The official blurb: You just can’t hide from the past…
Mallory Sage lives in a small, idyllic town where nothing ever happens. Just the kind of life she has always wanted. No one, not even her fellow volunteer firefighters, knows about her past life as an agent for Homeland Security.
Former partner and lover, Trey McCrane, comes back into Mallory’s life. He believes they made a great team once, and that they can do so again. Besides, they don’t have much choice. Paul Stanley, a twisted killer and their old nemesis, is back.
Framed for a bombing and drawn together by necessity, Mallory and Trey go on the run and must learn to trust each other again―if they hope to survive. But Mallory has been hiding another secret, one that could destroy their relationship. And time is running out.
How much of yourself is hidden in the characters in the book?
I’m not sure any of me is hidden in the characters. I think it’s more than Mallory has traits I wish I had. She has such a sense of right and wrong and for me life is a littler grayer.
What was the most difficult part about writing the book?
I think the most difficult part of writing the book was actually after it was sold. I did more revisions on this book that all others combined. Not that that is a complaint. I believe the publisher has almost as much passion for this book as I do. She wants it to succeed so Blonde Demolition wasn’t going to be published until it was perfect.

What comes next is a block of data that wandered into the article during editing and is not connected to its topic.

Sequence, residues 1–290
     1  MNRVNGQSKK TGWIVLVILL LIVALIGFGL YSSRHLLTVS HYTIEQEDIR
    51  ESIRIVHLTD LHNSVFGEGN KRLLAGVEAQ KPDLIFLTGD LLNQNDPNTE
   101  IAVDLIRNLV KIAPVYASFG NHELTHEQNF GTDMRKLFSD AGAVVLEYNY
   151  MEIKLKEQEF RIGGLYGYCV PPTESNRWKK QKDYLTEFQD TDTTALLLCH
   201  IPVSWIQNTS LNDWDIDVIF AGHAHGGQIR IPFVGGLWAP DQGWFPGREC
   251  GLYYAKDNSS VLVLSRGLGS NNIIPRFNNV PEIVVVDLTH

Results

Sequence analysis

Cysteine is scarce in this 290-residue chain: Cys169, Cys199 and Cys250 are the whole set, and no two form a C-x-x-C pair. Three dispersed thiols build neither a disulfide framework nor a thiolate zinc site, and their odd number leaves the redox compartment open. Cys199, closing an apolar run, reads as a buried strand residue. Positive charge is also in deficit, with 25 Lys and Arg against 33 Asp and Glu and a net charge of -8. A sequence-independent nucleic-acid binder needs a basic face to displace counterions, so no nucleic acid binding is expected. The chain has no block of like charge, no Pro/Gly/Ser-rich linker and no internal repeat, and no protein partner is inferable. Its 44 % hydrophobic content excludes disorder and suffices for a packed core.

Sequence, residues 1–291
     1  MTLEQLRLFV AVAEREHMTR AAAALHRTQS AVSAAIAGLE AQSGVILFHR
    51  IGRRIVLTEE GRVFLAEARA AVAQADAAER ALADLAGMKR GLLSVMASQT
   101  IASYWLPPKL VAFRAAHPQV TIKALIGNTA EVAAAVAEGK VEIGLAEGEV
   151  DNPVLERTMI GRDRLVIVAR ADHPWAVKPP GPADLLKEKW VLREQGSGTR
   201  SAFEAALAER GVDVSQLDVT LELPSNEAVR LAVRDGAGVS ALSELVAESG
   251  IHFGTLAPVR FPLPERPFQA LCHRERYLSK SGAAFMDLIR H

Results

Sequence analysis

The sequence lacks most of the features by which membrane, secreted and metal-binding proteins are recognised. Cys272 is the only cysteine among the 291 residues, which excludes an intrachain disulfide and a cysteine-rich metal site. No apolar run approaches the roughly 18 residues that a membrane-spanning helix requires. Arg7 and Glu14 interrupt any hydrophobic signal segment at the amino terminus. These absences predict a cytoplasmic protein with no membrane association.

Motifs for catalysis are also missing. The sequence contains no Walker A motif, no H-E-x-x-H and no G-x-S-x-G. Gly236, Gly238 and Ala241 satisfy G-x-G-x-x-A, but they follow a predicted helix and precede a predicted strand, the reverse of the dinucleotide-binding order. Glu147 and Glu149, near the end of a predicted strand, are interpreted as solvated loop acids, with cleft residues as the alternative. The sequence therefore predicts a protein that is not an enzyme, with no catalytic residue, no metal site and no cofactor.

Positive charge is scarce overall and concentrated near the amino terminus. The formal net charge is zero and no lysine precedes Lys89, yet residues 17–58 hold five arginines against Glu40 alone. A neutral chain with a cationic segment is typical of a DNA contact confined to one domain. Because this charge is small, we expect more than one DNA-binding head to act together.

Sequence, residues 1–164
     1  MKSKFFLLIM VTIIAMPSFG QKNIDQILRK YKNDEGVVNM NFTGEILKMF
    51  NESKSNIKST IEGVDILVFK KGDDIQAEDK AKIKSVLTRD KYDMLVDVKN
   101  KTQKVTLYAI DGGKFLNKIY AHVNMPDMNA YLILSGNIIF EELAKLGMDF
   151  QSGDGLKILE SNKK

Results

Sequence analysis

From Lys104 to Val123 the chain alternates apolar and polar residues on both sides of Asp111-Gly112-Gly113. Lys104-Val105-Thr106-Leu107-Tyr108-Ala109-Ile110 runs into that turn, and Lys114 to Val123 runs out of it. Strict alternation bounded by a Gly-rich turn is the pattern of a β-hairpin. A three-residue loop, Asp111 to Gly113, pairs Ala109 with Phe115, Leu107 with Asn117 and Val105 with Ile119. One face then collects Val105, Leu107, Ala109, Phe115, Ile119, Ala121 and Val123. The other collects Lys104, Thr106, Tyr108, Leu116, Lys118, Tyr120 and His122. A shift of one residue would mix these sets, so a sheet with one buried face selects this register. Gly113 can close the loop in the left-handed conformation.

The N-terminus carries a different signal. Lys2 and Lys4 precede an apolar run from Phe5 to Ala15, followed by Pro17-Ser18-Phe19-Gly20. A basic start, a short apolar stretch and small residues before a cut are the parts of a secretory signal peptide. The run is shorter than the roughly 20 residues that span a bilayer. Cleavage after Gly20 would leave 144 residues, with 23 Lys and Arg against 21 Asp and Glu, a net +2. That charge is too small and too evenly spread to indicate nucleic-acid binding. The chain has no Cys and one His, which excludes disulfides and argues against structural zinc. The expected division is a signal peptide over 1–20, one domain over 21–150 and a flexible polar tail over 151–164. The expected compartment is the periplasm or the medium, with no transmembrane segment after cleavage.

What has changed for you personally since you wrote your first book?
When I wrote my first book for publication, I was pregnant and had a toddler. I hadn’t written in years. I was living and it was as if this pregnancy woke up my creativity. Now, that child is 13 and the older sibling 16. They are more self-sufficient so it isn’t wiping butts and noses anymore. It’s driving them places and picking them up. It’s more time in some ways, but less time in others.
How does your environment/upbringing color your writing?
Oh, my upbringing could be a post in and of itself. But. I think you will in find that very few of my characters have parents. They are either orphans or the parents have already passed. I was not close to my parents so I couldn’t begin to construct what a healthy relationship with a parent is.
What’s your writing schedule like? Do you strive for a certain amount of words each day?
My writing schedule tends to be haphazard. I have a finite amount of time and energy between kids, husband and part time job. I may not write for weeks on end. Why? Most likely because I am working on soemthing else like a workshop or a series of blog posts. When I am knee deep in writing, I do 5 pages a day.
Do you prefer to write at a particular time of day?
I prefer writing in the morning.It’s when I have the most energy. Creativity takes a lot of energy.
What was the first story you remember writing?
The first story I every wrote was in fifth grade about an old lady with many cats. The teacher gave me an A and let me read it in front of the class. When I finished, the class was silent. Suddenly I wasn’t that four-eyed awkward kid. That’s when I knew I wanted to write.
Does writing come easy for you?
Writing comes easily to me. The only reason is because I trust that the words will be there. Even if I’m ready to sit down and I have nothing, the words will be there. A mechanic doesn’t approach a car repair thinking, “I wonder if I’ll figure it out.” Nope, they just dive in and fix it. A writer who wants to do this for a living has to look at it as a profession. A plumber never says they just aren’t feelling the plumbing today. Nope, they just do it.
Have you written any other books?
My other books are:
The Drinking Game, in print and Kindle/Nook.
Corpse Whisperer, Kindle/Nook
Confessions: Volume One, Kindle/Nook
Incendiary, print and Kindle/Nook
A View to a Kilt, pring and Kindle/Nook